I turned down the sidewalk leading to seawall just beyond our ground floor townhouse tucked under the 40 story tower. The morning sun yawned under the blanket of fog. I knew my fingers would get cold resting on the camera dials (gloves would’ve been wise) but the ever-changing characters of fog and light are impatient subjects to capture. Each step toward the water drew my eyes further across the rippling waves until visions of sailboats and yachts formed out of the fog; sleeping figures off the shore. 

A Priceless Work of Art

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March 16, 2017

 

Museum, Art, Kansas City, Nelson Atkins Museum
Nelson-Atkins Museum of Art, Kansas City, MO

One of my favorite places in all of Kansas City is the Nelson-Atkins Museum of Art. As a preschooler in the ’80s I walked those gray marble halls to my first art class in the museum’s lower level and still, to this day, wonder whether that waxy security guard just might be real. A trip to the museum isn’t complete until I stand face to canvas before my favorite painting, Claude Monet’s Boulevard des Capucines (1873-74). It depicts a city view of wintry Paris…(continue reading HERE)

 

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Claude Monet, 1873 Boulevard de Capucines

Words and Spices of Autumn

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September 16, 2016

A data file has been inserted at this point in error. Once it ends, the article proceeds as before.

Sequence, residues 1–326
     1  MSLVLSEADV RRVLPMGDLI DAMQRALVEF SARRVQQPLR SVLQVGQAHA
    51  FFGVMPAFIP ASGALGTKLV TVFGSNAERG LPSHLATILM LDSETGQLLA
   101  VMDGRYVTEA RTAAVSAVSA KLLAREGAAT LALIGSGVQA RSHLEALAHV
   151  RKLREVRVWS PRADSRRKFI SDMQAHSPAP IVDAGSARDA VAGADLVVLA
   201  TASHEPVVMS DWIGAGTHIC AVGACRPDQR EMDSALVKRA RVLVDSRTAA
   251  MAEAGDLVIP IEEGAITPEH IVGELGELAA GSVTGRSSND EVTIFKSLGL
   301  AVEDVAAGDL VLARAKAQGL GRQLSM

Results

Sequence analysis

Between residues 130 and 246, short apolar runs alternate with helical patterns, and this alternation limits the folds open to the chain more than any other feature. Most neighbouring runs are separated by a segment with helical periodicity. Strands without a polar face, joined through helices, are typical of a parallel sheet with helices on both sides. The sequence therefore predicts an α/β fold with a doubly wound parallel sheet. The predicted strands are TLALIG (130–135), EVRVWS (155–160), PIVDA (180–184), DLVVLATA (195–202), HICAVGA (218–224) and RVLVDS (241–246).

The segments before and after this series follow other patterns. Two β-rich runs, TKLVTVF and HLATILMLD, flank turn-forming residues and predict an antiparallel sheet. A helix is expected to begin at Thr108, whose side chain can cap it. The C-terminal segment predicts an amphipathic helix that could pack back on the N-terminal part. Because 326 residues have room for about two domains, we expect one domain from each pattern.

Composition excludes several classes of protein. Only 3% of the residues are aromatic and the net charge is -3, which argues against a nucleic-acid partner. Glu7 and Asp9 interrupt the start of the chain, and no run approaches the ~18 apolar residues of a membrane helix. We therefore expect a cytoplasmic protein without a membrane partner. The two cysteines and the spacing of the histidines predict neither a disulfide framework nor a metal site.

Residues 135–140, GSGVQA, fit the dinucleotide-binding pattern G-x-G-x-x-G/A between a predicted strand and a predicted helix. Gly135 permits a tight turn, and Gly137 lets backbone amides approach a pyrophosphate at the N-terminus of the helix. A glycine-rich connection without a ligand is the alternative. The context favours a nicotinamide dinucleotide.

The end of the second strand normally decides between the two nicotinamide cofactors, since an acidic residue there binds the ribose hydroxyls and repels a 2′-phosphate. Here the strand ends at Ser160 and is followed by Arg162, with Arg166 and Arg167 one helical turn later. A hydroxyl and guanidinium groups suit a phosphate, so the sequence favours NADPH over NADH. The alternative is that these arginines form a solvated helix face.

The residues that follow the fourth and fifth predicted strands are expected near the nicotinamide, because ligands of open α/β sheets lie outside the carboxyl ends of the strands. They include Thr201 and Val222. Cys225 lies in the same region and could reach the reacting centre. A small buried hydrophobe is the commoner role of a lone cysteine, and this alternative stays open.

The crock pot is set to low and your house will smell like roasting potatoes and butternut squash soup in a matter of hours (none of which your kids will eat likely eat, but you don’t even care because Fall and Pinterest trump chicken nuggets tonight). Last year’s pumpkin spice candle glows on the kitchen counter, and you’re cozied up on the couch in your favorite oversized sweatshirt, a steaming mug of tea warming your chilled fingertips and your favorite new book open on your blanket covered lap. Autumn is upon us, friends. Unplan accordingly.

The above description is dreamy, isn’t it? It’s Friday and our forecast here in the PNW is calling for colored leaves and cool air. I hope your (and my) weekending goals are at least punctuated with rest and recharge. To get us all started off here’s a little inspiration from my autumn loving heart to yours…

Crock Pot Goals start right here, friends. Don’t even tell me you don’t like butternut squash because I won’t believe you. It only tells me you lack squash cooking creativity.